- Io. Lor. Moschem, Observations on the story of the census coin, 1725.6

- Hermanson, A treatise on the denarius of the census, 1733.7

One can argue that Matthew named the wrong coin. Doubtless that question will never be answered. But if the question is, "What coin is the "Tribute Penny'?" The answer is the denarius of Tiberius. The designation "Tribute Penny" relates to the story as told in the King James Bible. Since the ancient Greek text, which was translated to "penny" actually was "denarius," the "Tribute Penny" must be a denarius. If the coin was another denomination, we could call it the "tribute coin" but not the "Tribute Penny."

The circulation of denarii in Jerusalem during Christ's life on earth may be interesting but is not really important to the designation "Tribute Penny." There is only ONE denarius in the Gospel story, not hoards of circulating denarii. Some denarii of Tiberius were in Judaea at the time and some are still found in Israel today. If Jesus could turn water into wine, heal lepers and raise the dead, he could arrange for ONE denarius to be nearby when he asked to see one.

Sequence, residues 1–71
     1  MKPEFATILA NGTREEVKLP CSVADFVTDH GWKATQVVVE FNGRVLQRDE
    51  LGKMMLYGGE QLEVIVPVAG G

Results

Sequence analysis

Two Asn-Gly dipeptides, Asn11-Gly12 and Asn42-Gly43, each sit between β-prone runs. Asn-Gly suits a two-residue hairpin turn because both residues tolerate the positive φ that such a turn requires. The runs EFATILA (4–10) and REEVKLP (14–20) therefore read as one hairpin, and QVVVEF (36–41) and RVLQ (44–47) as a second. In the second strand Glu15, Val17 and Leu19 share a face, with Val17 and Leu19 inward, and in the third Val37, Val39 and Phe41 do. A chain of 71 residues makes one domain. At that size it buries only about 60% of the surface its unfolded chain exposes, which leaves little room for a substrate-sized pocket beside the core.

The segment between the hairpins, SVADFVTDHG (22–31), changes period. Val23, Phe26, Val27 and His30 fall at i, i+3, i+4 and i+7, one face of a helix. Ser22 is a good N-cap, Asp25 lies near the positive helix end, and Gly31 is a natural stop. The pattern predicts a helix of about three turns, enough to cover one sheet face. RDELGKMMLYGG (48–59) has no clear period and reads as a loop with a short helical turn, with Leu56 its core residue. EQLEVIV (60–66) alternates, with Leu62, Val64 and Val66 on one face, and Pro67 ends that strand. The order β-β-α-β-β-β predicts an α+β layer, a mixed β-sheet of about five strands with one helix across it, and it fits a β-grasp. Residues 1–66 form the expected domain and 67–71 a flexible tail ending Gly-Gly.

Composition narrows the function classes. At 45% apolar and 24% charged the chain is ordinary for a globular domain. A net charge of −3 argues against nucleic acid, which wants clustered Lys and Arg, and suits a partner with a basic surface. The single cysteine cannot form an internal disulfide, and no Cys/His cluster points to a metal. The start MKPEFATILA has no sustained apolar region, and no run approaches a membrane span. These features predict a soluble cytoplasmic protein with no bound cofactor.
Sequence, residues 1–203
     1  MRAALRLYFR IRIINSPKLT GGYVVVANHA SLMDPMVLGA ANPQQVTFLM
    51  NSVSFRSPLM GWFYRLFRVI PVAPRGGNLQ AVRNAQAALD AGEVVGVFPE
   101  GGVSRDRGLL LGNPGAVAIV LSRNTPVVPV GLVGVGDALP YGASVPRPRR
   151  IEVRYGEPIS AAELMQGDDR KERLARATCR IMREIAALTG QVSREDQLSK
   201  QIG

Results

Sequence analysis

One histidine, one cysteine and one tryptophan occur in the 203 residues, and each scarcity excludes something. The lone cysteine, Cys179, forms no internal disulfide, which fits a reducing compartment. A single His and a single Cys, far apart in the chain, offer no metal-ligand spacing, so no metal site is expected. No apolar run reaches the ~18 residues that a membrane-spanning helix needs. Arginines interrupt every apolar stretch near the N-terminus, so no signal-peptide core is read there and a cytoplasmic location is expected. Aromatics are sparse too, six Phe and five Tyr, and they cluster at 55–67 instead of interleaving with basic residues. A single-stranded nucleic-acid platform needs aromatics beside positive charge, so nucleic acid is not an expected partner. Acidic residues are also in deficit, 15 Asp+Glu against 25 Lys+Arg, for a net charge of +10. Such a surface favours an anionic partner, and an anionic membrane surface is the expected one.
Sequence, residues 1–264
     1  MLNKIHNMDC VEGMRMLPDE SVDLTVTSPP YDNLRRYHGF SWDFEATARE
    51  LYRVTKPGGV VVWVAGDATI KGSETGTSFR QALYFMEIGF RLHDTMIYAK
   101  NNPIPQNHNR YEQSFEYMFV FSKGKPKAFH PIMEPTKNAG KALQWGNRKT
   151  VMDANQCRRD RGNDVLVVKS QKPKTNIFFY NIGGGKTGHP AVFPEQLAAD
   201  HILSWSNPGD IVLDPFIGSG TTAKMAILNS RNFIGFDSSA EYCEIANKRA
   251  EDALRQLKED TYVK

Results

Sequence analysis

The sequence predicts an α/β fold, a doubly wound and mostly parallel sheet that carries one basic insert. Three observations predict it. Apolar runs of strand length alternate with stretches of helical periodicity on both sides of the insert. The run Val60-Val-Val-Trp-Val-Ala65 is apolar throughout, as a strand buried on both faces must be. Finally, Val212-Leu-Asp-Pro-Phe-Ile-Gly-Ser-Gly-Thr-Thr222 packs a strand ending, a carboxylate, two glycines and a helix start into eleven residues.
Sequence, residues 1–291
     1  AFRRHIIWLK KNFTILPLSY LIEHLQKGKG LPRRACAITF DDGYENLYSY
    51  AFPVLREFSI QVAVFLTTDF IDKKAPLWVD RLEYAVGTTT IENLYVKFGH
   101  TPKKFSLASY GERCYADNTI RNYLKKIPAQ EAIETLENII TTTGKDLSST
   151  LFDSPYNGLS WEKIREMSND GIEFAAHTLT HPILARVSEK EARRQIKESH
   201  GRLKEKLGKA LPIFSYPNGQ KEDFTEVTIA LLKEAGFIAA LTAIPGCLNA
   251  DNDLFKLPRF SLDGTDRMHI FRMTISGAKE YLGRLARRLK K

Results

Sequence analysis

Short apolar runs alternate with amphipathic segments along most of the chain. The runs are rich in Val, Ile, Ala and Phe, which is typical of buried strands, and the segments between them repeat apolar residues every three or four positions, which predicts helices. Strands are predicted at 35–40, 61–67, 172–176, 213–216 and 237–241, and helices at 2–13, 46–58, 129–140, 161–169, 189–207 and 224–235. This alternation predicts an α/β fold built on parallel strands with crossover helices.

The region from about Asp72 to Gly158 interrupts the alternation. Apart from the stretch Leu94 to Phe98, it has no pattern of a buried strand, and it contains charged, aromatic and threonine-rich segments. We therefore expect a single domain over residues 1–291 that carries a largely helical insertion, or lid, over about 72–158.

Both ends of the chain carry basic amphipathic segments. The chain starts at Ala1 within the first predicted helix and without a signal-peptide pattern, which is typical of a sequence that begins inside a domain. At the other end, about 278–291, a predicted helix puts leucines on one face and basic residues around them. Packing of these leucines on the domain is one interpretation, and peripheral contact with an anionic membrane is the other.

Of course Jesus could also arrange for that denarius to be the ideal coin for his lesson. Julius Caesar and Augustus were dead. One cannot "render unto" dead people. The truly perfect coin for his lesson, would have the image and inscription of the living Caesar, Tiberius.

"The Tribute Penny" is the denarius of Tiberius.

For other opinions, read, "Tribute Penny Debate Revisited (2006)" and "Tribute Penny Debate Continued (2015)" by Walter Holt and Rev. Peter Dunstan; and "No Tribute Penny" by James S. Wilk here on NumisWiki. (As always here on NumisWiki, blue text is a link. Click the title.)

Also see Doug Smith's article on the Tribute Penny and his article "An Indian Copy of the Tribute Penny."

See genuine ancient Tribute Pennies for sale in the Forum Ancient Coins shop.

All the photos above are from the Forum Ancient Coins shop catalog sold coin listings.